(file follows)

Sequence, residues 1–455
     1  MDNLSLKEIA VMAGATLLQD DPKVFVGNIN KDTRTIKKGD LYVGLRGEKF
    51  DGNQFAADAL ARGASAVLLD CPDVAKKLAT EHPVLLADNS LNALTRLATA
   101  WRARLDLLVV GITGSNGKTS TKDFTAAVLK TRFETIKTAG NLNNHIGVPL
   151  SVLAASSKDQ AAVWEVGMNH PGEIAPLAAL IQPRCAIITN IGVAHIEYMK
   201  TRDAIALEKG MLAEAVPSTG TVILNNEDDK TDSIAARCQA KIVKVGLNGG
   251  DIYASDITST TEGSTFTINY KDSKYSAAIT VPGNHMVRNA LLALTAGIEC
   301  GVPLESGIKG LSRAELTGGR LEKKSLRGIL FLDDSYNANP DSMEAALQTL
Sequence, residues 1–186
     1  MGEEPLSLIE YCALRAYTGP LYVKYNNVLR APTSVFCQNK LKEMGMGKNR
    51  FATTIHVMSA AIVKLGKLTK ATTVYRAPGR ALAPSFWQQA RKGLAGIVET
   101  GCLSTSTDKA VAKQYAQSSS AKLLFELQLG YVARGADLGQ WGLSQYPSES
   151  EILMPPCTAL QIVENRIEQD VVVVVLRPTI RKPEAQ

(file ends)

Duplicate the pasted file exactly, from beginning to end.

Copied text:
Sequence, residues 1–455
     1  MDNLSLKEIA VMAGATLLQD DPKVFVGNIN KDTRTIKKGD LYVGLRGEKF
    51  DGNQFAADAL ARGASAVLLD CPDVAKKLAT EHPVLLADNS LNALTRLATA
   101  WRARLDLLVV GITGSNGKTS TKDFTAAVLK TRFETIKTAG NLNNHIGVPL
   151  SVLAASSKDQ AAVWEVGMNH PGEIAPLAAL IQPRCAIITN IGVAHIEYMK
   201  TRDAIALEKG MLAEAVPSTG TVILNNEDDK TDSIAARCQA KIVKVGLNGG
   251  DIYASDITST TEGSTFTINY KDSKYSAAIT VPGNHMVRNA LLALTAGIEC
   301  GVPLESGIKG LSRAELTGGR LEKKSLRGIL FLDDSYNANP DSMEAALQTL
Sequence, residues 1–186
     1  MGEEPLSLIE YCALRAYTGP LYVKYNNVLR APTSVFCQNK LKEMGMGKNR
    51  FATTIHVMSA AIVKLGKLTK ATTVYRAPGR ALAPSFWQQA RKGLAGIVET
   101  GCLSTSTDKA VAKQYAQSSS AKLLFELQLG YVARGADLGQ WGLSQYPSES
   151  EILMPPCTAL QIVENRIEQD VVVVVLRPTI RKPEAQ